Dale:    I think that’s a very admirable quality. I wish more people had that, personally.

Kevin:    Yeah, I agree. I mean, sometimes I can’t believe how we as humans can treat, not only other humans, but other species that exist in the world. It’s disturbing to me. Especially when it comes to Evangelicals here in the states. I am not overly religious, but if you want to relate things constantly to what it says in the Bible like Evangelicals often do, I want to tell those individuals who don’t believe in climate change or the preservation of species you basically are killing God’s creation. If you say God created this earth, well, he created everything from every species to every tree that’s out there, and to say that it’s okay to see a whole species be wiped off the face of the planet is pure insanity. It’s just absurd.  

Dale:    I agree. So you’d mentioned in your early twenties what had happened in regards to your behavior.  When you eventually did embrace yourself as an out person, what happened? What happened to you?

Kevin:    I would say I got to a place where, because of the energy I was putting out there in terms of how I was interacting with people, I was finally getting more love, respect and a greater sense of self back. I have never had any bad relationships as I have only had three major relationships. And, luckily, most of the men that I have been involved with have been really, really great guys. But I do feel that more came into my life by being true to who I am, than when I wasn’t. I think my world started getting bigger and more beautiful into my thirties, and now, of course, into my forties. Maybe that’s what this has all been about. I feel like in a way I’ve arrived at a place where the beauty in my life keeps getting bigger, and I’m enjoying it because sometimes it wasn’t a very beautiful place.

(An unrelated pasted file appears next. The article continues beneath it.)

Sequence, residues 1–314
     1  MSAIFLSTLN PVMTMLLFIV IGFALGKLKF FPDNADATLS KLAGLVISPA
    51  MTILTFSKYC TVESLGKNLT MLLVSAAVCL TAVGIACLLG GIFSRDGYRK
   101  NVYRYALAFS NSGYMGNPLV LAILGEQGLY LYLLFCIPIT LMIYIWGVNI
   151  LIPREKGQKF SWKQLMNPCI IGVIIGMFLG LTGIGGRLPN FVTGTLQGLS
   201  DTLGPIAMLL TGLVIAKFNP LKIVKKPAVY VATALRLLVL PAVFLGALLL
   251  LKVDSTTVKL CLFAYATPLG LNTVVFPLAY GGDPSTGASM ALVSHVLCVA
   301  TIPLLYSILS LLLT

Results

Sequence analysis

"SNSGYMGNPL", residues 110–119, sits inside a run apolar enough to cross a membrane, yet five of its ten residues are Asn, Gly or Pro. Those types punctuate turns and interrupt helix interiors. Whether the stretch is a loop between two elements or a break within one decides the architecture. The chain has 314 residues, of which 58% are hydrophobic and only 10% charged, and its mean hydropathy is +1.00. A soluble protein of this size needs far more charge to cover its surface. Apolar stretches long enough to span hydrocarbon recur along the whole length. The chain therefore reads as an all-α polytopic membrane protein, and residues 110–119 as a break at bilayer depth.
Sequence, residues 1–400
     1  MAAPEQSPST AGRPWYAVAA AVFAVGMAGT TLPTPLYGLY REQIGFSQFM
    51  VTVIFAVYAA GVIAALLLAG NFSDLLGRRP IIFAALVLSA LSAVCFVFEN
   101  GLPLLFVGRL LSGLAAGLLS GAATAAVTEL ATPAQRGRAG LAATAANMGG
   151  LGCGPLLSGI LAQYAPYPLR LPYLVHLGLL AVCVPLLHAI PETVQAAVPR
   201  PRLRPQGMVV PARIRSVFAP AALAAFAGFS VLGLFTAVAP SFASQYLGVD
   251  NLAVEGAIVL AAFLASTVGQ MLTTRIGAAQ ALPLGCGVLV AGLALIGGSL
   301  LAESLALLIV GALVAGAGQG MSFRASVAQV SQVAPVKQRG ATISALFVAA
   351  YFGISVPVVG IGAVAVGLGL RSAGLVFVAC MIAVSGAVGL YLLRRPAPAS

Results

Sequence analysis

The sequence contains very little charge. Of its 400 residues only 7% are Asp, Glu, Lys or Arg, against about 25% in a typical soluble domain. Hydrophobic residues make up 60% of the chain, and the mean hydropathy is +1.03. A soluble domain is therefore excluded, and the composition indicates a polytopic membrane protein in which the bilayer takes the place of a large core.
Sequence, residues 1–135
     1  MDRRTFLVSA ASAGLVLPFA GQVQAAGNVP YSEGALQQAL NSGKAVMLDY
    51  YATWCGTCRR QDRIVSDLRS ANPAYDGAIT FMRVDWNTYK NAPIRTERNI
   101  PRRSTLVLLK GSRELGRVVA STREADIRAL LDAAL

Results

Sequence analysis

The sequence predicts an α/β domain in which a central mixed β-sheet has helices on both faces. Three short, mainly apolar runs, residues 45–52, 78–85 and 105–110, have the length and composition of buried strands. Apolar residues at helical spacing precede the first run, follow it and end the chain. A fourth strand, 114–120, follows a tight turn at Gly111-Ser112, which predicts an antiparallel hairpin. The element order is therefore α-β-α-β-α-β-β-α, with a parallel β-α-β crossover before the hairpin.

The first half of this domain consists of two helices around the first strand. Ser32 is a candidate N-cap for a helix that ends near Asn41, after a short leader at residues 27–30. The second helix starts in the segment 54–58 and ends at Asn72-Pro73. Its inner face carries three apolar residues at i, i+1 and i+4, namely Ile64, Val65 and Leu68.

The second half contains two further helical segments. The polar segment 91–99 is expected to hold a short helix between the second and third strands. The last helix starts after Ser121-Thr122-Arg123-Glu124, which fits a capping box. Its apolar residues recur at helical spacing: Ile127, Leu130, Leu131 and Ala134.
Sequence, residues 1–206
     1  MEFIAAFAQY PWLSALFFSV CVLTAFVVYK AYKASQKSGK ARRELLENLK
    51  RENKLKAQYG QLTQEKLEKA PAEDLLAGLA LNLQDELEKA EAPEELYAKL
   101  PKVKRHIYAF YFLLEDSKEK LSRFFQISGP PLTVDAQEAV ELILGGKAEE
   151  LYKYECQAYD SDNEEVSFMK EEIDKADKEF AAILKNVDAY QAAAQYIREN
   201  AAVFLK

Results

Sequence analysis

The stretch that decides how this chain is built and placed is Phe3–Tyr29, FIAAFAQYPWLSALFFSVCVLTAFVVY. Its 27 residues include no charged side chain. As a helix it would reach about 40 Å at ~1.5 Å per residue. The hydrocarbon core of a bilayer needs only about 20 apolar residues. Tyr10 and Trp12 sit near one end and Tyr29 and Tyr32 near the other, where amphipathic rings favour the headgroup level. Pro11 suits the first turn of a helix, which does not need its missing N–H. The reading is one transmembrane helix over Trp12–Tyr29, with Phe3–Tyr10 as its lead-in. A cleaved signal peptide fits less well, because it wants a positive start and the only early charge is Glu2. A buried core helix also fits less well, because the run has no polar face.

Dale:    So that was actually going to be my last question, but I have one more for you. Do you think that it’s difficult to live authentically in 2018 in our society as it is and with what’s happening in the world?

Kevin:    I do. I think what’s interesting here in the states, and this may hold true in Canada and Canadian culture, is many people don’t value getting to know someone, really getting to know therm. Our days are so rushed and hectic that we barely take time to relate to each other. The idea of really relating to someone without judgement is uncommon, and requires amazing listening skills. Of course, there are people who do, so I don’t want to generalize. There are many people who are very authentic and willing to relate and sort of stand for something bigger than their own selfish need in that moment, but it’s not common.

I think it’s more and more challenging because of the value that American culture and society places on certain things like jobs, and consumerism. This notion of having the next biggest thing, the next big home, the next big car, the next big job. I think focusing your energy externally is an easier path to choose versus examining yourself. It’s almost mindless that you get sucked into this vacuum of thinking that’s why I’m here. I’m here to keep amassing more and more. But, I think, if you just take a step back, it’s really about relating to other people. At the end of the day those are the relationships and the memories that are going to make you smile when you’re 65 or 70. The small acts of kindness you did in order to help somebody else is what you will remember.

It’s disheartening at the present time given our our current president (Trump). As a leader he is a person that embodies everything that I basically would never stand for. I would never, in terms of his character, & integrity. What he has done is  morally wrong to me, and I’m not like this huge moralist. I’m not this person out there always telling people that you’re right or you’re wrong, but it’s really disheartening. I do think that people are overly focused on work and their jobs so it doesn’t allow people to get outside of themselves and explore something bigger. Nature is an amazing place to get in touch with yourself.  When you are in it you gain perspective and creativity. You can get a better understanding of you and your place in this world. But most of the time, it’s not about that, people aren’t focused on something bigger; they’re just focused on paying the bills and living a grand lifestyle.